Armistead Maupin's modern day revamp maintains the heart of the books while ranging ever wider in terms of diversity and representationNetflix

On World Book Day 2015, someone put a book into my hands that changed my life. Armistead Maupin’s Tales of the City series is set in San Francisco, and centres around the lives of the landlady and tenants of 28 Barbary Lane. The series began as a newspaper column, and as such it is written in a very episodic way. As it alights on different moments across the lives of its vast cast, it always offers something fresh and surprising each time. It is also addictive and sometimes even sensational, with plots ranging from the mundane to the melodramatic.

It taught me a lot.

As a queer teenager who knew few other LGBT+ people in real life or even in fiction, Tales of the City was invaluable to me. Maupin’s story spans nearly five decades, and is an incredible and previously unseen opportunity to watch a group of queer people grow and evolve. To me, the characters weren’t role models but a hapless group of friends from whom I could learn, deciding which mistakes to avoid and which to emulate. I also love Maupin’s concept of a logical (as opposed to biological) family: something that you choose for yourself. After reading about 28 Barbary Lane, I stopped aspiring to fit in and started aspiring to find or make my own community where fitting in and standing out weren’t in conflict.

To me, the characters weren’t role models but a hapless group of friends

Unlike books that feature a single LGBT+ character as the exception, in this series there is no “norm” to deviate from. With queer characters of every generation and vastly varying personalities, multiple trans characters, lesbian characters, bi characters, even the odd token heterosexual, stereotypes are both embraced and abandoned. There is no single way to be queer; the only rule is to live fully and unapologetically in the way that feels most natural to yourself.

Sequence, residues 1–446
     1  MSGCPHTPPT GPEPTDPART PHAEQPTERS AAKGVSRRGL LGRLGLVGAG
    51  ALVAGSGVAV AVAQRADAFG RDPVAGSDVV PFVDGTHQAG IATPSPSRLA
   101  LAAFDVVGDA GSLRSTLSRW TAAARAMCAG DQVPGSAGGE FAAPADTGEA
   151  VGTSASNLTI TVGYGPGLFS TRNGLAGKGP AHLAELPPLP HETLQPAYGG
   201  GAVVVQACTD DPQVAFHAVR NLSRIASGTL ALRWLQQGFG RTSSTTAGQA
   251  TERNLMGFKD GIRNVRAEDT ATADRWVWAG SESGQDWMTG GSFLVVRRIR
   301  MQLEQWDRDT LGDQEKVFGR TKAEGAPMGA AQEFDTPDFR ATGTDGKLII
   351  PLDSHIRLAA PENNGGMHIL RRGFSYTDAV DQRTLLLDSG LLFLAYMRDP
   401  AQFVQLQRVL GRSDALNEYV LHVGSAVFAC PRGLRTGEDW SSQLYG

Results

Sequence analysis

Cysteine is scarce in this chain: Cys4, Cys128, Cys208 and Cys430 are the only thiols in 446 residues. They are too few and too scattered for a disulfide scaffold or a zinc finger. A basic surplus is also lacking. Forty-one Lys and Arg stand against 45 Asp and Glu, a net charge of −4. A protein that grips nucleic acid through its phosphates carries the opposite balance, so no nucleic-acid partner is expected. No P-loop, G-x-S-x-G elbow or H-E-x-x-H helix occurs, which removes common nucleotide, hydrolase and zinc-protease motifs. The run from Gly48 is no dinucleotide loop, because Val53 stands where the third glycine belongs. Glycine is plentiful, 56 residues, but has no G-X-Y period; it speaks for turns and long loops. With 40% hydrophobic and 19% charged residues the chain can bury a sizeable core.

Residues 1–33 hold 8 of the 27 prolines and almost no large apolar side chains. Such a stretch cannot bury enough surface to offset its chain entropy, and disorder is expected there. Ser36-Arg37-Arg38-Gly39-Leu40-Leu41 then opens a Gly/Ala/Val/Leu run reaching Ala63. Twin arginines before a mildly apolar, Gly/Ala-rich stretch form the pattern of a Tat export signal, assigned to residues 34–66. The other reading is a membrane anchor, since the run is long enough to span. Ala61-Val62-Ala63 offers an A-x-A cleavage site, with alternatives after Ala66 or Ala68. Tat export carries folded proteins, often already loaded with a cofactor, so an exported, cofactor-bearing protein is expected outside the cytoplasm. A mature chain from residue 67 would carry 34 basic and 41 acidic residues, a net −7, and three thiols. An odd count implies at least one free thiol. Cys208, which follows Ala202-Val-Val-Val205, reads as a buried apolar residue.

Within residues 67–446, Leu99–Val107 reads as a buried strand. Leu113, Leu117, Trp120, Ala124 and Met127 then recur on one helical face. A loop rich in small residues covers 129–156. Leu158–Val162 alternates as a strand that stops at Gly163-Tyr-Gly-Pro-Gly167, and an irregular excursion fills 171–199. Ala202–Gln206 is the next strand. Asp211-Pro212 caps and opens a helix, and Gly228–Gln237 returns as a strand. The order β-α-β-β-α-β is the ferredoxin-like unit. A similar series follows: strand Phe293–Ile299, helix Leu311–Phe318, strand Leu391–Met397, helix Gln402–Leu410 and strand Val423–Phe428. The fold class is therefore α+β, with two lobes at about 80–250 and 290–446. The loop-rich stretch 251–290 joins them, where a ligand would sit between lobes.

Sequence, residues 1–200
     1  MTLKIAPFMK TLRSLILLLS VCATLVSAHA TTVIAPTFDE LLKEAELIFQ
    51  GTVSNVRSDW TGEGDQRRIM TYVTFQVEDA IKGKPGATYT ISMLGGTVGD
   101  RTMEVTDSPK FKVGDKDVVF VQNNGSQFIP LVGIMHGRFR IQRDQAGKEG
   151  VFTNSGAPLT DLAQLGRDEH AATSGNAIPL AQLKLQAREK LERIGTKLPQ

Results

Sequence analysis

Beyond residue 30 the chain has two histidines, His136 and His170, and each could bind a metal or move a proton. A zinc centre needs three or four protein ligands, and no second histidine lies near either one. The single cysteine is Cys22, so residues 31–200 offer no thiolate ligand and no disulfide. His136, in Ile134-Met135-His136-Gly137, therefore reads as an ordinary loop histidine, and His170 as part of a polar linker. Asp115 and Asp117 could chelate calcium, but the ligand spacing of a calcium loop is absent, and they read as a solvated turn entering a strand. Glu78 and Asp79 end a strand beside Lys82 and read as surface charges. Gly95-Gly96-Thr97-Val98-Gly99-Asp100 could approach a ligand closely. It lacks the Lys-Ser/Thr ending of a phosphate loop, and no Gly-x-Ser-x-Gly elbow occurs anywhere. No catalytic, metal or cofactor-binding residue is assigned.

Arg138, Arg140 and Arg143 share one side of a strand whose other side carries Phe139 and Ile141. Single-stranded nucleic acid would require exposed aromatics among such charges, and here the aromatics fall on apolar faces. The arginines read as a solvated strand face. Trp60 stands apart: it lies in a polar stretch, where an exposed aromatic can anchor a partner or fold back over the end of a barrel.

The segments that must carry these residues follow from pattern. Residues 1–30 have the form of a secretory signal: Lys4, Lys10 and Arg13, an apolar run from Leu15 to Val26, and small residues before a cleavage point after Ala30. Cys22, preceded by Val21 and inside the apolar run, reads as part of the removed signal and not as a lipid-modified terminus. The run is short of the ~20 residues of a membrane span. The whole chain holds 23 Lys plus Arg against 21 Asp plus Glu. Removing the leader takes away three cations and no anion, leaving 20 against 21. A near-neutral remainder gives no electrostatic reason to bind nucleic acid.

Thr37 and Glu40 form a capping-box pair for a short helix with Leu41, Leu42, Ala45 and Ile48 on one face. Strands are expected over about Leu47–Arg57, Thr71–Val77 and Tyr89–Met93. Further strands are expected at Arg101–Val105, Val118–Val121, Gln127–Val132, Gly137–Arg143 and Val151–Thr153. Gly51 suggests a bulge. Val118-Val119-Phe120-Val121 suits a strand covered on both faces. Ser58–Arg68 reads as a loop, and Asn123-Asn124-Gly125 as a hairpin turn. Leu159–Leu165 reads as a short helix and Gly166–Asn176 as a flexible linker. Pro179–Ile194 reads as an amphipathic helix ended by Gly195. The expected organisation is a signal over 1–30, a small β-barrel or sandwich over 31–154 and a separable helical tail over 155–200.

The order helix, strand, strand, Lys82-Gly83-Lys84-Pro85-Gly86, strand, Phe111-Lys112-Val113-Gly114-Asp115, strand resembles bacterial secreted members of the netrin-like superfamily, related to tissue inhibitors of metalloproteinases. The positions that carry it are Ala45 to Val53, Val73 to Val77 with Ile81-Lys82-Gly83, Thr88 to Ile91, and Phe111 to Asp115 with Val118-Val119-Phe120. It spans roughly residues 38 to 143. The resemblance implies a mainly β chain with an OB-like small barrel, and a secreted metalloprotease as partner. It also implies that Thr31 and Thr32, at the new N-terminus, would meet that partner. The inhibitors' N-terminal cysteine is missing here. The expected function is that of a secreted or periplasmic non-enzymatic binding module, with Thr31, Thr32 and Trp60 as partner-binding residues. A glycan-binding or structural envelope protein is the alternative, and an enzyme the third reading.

Crucially, Anna Madrigal was the first trans person I met – and I say “met” on purpose. She is written with such energy and vivacity that she really lives on the page, and it is impossible not to love her. To this day there is a dearth of well-written, positive trans representation in fiction. Visiting Gay’s The Word in London in 2019, one of the only specifically LGBT+ bookshops in the United Kingdom, I struggled to find any novels with a trans protagonist. Trans characters, when they exist, tend to be sidelined by cis authors, and their stories are often crude, clichéd and overwhelmingly miserable; no happy endings allowed. So it still astonishes me that Maupin wrote this fantastically warm portrayal of a trans woman as early as 1978.


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The Netflix adaptation, launched last Friday, brings the story into the present. As I write this, I confess I am only four episodes in, rationing myself to spend as much time as possible with the characters. The storylines sometimes diverge from the books, but this can only be a good thing: The Tales is full of mysteries to be solved, and I’d rather not know the answers in advance. The essence remains the same however. The more ethnically and gender-diverse cast also creates new tensions to explore and many moments that speak loudly to a modern audience.

To this day there is a dearth of well-written, positive trans representation in fiction

Margot and Jake, trying to navigate their relationship while Jake’s sense of self is shifting dramatically, share dialogue that could easily have come out of my own mouth at times. When Michael takes Ben, his younger boyfriend, to a meal with some older gay men who survived the AIDS epidemic, the generations clash over political correctness and questions of what it means to be oppressed – almost spookily similar to interrogations I’ve undergone from older people who have important stories to tell but believe that their experience of oppression is the only one. A few cast members are reprising their roles from the 1993 television adaptation, and they are visibly at ease with their characters. I’m looking forward to seeing how their stories continue to unfold. Maupin’s magic is that he makes you feel like part of the story, and I for one look forward to stepping back into his world.

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